Blacktail Deer

In our last article, we featured the main tree species that make up most of our local forests.  But what large mammals call Mission home and how can you keep safe when using the forest?

 

Starting with the largest, the black bear is easily one of the most recognizable and well known inhabitants in our forests and frequently in our residential neighbourhoods.  Bears inhabit most ecosystems throughout BC and you should consider the entire province to be “bear country”.  Bears are omnivorous with vegetation making up about 80% of their diet and the remainder coming from things like small rodents, fish, insects, carrion (dead animals) and sometimes young deer, elk or moose.  Unfortunately household garbage is an attractant and it is always important to limit their access to it.

Cougars are present and are generally solitary secretive animals.  They have large home range territories, and are strictly carnivorous.  They usually hunt deer and other small mammals such as rabbits and squirrels, but can take on elk or even moose.  Pets are also an attractant.  If you spot a carcass of a deer in the forest, it will usually take 2-3 days for a cougar to consume it – avoid that area as it will fiercely protect it.

Coastal blacktail deer live throughout the forest, feeding on shrubs, grasses, and small trees, and are seen frequently.  Fawns are born in the first weeks of June.  They are smaller than mule deer and can be recognized by their obvious black tails.

Roosevelt Elk

 A small population of Roosevelt elk was successfully relocated in the upper Stave River valley, and migration have brought some of them closer to Mission. They prefer low elevation river valleys are they aren’t adapted to travelling in high snow depth.  They prefer to forage on grasses, ferns, willows, elderberry, blueberries, cedar, and hemlock trees.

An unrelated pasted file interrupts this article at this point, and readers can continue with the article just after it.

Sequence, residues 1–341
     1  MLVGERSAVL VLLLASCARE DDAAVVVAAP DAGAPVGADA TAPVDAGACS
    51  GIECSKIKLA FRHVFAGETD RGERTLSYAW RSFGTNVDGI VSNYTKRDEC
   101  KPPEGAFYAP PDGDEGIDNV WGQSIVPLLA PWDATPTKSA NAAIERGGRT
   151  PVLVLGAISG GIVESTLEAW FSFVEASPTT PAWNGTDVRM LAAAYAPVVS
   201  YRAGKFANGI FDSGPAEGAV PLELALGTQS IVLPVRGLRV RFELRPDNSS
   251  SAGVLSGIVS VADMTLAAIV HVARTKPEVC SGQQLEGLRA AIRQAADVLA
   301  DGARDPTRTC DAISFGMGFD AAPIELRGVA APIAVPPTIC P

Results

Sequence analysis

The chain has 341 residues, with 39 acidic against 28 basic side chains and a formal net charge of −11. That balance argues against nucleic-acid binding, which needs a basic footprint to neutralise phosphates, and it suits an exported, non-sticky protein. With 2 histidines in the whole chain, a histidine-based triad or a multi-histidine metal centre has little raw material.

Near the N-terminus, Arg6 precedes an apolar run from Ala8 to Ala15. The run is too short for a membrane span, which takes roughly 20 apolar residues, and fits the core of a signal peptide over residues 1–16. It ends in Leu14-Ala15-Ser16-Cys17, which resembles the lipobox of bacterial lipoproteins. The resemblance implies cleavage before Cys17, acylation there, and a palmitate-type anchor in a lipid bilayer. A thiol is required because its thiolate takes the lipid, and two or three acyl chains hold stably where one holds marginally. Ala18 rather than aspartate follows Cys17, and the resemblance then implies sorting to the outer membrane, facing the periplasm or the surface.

Bobcat are present in small numbers and are recognized by their black tufted ears, long stubby tail and are about twice the size of a domestic cat. In comparison to the lynx, bobcat have spots that are easy to see, and shorter tufts on their ears. They prefer to eat rabbits, insets and small birds and rodents and are solitary animals.

There is currently a provincial study underway to record the presence of wolverine in our higher elevations.  This elusive and powerful animal resembles a small bear but is the largest member of the weasel family.  They are solitary and travel up to 20km a day in search of food.  They prefer boreal or high elevation forests and will eat plants and berries but are predatory and prefer rabbits and rodents but have been known to attack large prey many times their size, or eat carrion.  They don’t hibernate and have been known to dig into burrows to eat hibernating mammals.

Bobcat

 

Visit https://wildsafebc.com/ to familiarize yourself with safety advice for bear and cougar, when you recreating in our forests.

 

 

 

 

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